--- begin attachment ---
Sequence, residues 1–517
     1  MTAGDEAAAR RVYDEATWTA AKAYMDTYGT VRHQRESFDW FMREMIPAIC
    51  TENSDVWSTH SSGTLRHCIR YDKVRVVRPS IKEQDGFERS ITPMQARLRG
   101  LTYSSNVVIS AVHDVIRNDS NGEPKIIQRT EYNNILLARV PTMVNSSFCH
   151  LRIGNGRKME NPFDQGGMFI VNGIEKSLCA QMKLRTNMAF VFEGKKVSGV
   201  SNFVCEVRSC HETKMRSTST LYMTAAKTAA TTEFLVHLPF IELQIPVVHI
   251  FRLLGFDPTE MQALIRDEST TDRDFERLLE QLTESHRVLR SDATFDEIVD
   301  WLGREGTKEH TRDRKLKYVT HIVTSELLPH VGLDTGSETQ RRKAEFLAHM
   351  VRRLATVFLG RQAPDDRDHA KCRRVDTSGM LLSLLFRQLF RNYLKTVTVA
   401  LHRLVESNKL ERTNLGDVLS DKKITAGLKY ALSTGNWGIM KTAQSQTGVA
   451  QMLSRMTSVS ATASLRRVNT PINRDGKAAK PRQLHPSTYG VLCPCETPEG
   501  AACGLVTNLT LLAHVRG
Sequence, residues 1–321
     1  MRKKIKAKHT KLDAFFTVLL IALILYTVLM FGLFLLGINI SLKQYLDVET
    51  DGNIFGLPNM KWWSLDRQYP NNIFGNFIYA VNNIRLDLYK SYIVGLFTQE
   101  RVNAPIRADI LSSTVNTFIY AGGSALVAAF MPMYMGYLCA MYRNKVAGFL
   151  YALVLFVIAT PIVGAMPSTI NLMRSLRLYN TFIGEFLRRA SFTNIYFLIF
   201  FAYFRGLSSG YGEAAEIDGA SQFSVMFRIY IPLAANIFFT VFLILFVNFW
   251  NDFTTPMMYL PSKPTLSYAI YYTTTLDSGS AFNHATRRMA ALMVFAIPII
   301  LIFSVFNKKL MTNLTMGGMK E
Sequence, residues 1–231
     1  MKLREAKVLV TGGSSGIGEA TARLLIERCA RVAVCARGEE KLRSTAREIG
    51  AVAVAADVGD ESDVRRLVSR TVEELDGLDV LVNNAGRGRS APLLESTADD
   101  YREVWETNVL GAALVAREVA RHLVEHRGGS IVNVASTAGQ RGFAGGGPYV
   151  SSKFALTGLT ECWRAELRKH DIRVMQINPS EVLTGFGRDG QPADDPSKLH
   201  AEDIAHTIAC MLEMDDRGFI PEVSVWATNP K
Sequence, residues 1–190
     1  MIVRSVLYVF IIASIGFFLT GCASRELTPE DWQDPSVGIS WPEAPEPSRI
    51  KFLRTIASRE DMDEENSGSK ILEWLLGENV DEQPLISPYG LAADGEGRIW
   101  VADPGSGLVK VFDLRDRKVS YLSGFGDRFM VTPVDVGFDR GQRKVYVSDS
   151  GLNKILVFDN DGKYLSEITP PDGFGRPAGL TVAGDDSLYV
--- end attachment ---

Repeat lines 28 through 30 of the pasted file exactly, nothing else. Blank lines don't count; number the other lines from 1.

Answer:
     1  MIVRSVLYVF IIASIGFFLT GCASRELTPE DWQDPSVGIS WPEAPEPSRI
    51  KFLRTIASRE DMDEENSGSK ILEWLLGENV DEQPLISPYG LAADGEGRIW
   101  VADPGSGLVK VFDLRDRKVS YLSGFGDRFM VTPVDVGFDR GQRKVYVSDS